Gillmer, Melissa. In the Trenches: Practical CAS Applications. SpeechTherapyPD. https://www.speechtherapypd.com/courses/Assessment-and-Treatment-of-Childhood-Apraxia-of-Speech

Graham, Amy. Practical Tips for Treatment of Childhood Apraxia of Speech. SpeechTherapyPD. https://www.speechtherapypd.com/courses/Practical-Tips-for-Treatment-of-Childhood-Apraxia-of-Spe-275

Hammer, D., & Ebert, C. (2021). The SLP’s guide to treating childhood apraxia of speech: Effective therapy strategies for toddlers, preschoolers, and early school-aged children. Speech Corner.

Marshalla, P. (2019). Chapter 21- Teaching Vowels and Dipthongs. In The Marshalla Guide: A topical anthology of Speech Movement techniques for Motor Speech Disorders & articulation deficits. essay, Marshalla Speech and Language.

5 Tips for Running a Childhood Apraxia of Speech Therapy Session

Here are 5 tips that speech pathologists can try while running an apraxia of speech therapy session with younger students! These tips are based on my clinical experience working with preschoolers!

These tips are not for kids who will sit at a table and do a worksheet.

Because I could pull out a stock photo of a child sitting quietly at a table, watching your mouth, and getting the full benefit of your immaculately-planned therapy session.

But as we all know, life doesn’t always happen quite so perfectly!

A lot of my experience has been working with 4th and 5th graders in speech therapy. I had to really shift my expectations when I started working with preschoolers.

It’s very defeating to feel like you’re running around the room, chasing after a kid, and getting nowhere.

So I took a step back to see what I could do that would make apraxia of speech therapy sessions meaningful.

My main objectives for the session became:

  • I want to keep my student engaged
  • I want my student to watch my mouth as much as possible
  • I want my student to practice a few target words, as many times as possible

And that’s it.

So here are my best tips for running your apraxia of speech therapy session with preschoolers.

Less is More

It’s a good idea to know exactly what words or objectives you’ll be targeting in that therapy session. I say this as an SLP who likes to live my (therapy) life on the fly.

My advice for this age group? The fewer target words practiced the better.

I have spent entire sessions working on saying only 3-5 words if my students are on the go and have short attention spans. Go for more reps and zone in on just a few targets.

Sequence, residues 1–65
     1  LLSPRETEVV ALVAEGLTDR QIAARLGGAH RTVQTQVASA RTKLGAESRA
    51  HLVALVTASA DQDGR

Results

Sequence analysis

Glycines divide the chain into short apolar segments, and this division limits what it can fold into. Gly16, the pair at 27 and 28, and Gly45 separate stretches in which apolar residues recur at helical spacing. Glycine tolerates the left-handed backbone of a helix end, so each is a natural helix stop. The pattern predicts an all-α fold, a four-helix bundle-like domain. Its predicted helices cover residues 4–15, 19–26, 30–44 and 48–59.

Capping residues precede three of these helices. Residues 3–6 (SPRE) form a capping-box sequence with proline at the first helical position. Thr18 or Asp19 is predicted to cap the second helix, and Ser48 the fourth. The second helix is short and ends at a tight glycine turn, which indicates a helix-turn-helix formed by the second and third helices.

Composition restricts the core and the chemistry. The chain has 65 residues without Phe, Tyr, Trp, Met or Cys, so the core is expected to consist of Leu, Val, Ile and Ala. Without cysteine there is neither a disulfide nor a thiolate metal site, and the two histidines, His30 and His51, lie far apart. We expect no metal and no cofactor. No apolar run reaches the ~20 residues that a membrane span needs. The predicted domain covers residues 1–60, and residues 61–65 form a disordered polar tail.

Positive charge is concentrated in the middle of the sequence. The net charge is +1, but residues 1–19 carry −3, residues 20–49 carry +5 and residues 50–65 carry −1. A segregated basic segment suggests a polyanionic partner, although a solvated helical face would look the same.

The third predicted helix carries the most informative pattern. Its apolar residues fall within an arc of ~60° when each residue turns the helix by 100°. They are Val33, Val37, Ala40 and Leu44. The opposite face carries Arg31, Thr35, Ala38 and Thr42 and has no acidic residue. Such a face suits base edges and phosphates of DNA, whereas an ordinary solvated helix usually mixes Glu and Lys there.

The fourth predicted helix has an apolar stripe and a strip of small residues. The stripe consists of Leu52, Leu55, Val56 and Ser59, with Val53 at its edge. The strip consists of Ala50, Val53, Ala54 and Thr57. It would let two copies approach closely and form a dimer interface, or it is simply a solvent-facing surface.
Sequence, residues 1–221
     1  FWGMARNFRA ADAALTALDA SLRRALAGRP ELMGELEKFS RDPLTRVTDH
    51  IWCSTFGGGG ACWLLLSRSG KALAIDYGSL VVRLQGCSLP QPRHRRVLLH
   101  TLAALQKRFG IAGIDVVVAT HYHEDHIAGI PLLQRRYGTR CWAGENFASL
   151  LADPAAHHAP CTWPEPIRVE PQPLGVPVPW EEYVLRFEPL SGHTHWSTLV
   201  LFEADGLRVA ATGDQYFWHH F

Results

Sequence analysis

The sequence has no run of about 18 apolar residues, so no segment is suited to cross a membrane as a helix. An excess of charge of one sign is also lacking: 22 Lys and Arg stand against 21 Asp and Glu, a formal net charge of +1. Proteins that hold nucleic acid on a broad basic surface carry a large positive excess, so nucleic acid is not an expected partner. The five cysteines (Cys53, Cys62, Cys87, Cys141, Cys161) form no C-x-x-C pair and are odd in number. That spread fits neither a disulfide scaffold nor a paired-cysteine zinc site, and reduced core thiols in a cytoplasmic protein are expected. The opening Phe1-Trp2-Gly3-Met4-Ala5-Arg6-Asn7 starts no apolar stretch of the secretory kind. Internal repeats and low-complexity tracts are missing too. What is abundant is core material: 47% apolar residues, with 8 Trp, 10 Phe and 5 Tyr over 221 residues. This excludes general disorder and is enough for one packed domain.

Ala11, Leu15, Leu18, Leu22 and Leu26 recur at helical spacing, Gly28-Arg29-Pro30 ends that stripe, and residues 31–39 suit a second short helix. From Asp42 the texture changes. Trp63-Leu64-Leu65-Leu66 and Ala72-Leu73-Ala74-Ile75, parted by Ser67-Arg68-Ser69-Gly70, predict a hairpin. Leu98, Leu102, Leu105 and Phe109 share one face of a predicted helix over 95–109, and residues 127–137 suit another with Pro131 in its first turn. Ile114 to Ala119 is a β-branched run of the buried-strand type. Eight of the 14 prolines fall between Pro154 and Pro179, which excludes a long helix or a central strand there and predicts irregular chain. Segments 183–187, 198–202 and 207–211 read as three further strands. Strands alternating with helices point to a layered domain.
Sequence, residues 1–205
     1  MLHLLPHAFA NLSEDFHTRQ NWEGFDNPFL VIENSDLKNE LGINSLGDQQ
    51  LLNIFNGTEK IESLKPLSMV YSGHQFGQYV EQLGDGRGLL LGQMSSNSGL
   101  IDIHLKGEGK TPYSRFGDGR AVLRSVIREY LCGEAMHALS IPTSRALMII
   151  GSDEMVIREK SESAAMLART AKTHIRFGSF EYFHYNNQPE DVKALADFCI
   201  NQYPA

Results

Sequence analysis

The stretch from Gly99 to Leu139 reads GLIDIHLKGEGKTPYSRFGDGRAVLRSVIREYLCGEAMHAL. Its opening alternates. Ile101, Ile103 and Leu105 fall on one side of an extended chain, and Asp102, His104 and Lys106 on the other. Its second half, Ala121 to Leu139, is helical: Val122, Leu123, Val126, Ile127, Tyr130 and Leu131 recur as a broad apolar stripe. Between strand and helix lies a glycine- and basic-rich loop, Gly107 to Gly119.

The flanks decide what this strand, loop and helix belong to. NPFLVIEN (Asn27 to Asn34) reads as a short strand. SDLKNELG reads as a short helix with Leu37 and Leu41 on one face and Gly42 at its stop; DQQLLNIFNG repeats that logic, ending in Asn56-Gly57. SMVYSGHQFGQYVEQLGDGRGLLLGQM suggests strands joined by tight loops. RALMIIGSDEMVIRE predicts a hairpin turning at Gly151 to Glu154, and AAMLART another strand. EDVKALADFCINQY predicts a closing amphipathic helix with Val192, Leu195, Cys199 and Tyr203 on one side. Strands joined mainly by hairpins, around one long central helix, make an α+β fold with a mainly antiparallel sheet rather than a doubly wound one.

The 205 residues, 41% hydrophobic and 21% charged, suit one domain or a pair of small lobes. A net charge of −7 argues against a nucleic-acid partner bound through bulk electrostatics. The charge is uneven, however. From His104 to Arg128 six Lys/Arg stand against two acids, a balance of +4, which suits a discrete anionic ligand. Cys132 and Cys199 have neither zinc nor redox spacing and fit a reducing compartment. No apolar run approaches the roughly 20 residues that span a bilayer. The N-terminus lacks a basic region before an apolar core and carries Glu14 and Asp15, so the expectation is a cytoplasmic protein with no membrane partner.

Clear the Clutter

I consider myself a “creative messy” person. My husband would tell you that I struggle with paper organization (which is why he gets to sort through our mail).

That said, if you have a million toys around your therapy area paired with a child who is constantly on-the-go and moving from one thing to the next, you’re setting yourself up for failure. I learned this the hard way.

Turns out our OT friends preaching about sensory regulation and a calming room know what they’re talking about.

I typically only have a few selected toys or activities in cabinets or in view on my table that I’ll let my students “find”.

For example, one of my students loved sharks.

So he just happened to find a shark puppet in my cabinet which was able to eat the target words for us. Nom, nom. (I think this shark grabber toy might be a hit, too!)

Pair a Toy with a Target Word

Think quick and fun.

If I’m working on trying to establish final consonants at the ends of CVC words, I might try practicing the word “pop” on repeat while using a popper toy.

My student just has to practice WATCHING and SAYING the target word with me, then we’ll take a turn popping that popper.

Move Around Often

Plan on moving around often.

We spent our speech therapy sessions on the floor, under the table, standing at the table, or looking out the window while watching cars (and simultaneously practicing the word ‘beep’)…. you get the idea.

So hop around the room, jump in and out of hula hoops, balance on a wobble board, toss bean bags, jump on a mini trampoline, bounce balls, push a gigantic dump truck toy around, or go down slides.

Once you get moving, you’ll be surprised at how easy it is to pair a target word or objective with that movement. For example, you could practice the word ‘hop’ (a CVC word), ‘up’ (a VC word), or exclamations and vowel or dipthongs (woah! no! oh boy!).

Try a Sensory Bin

If there’s something preschool students like to do, it’s pulling things out of things.

And also putting things into things, hence all of those ‘feed the’ activities.

So, make a simple sensory bin. You’ll just need a clear plastic container and some filler. This doesn’t need to be fancy. You could even use shredded paper.

When working with childhood apraxia of speech, I often am practicing the same small set of target words on repeat. So if we’re working on the dipthong ‘oi’, I might have multiple pictures depicting a ‘boy’ or a ‘toy’ hidden in that sensory bin.


In summary, running a speech therapy session while targeting childhood apraxia of speech objectives can be challenging! Most young children aren’t able to sit still and complete a structured activity or worksheet.

Scroll up to read 5 tips that speech pathologists can try using to keep things on track during a therapy session with three year olds, four year olds, and five year olds!

Speech-language pathologists will also want to read these related articles:

Similar Posts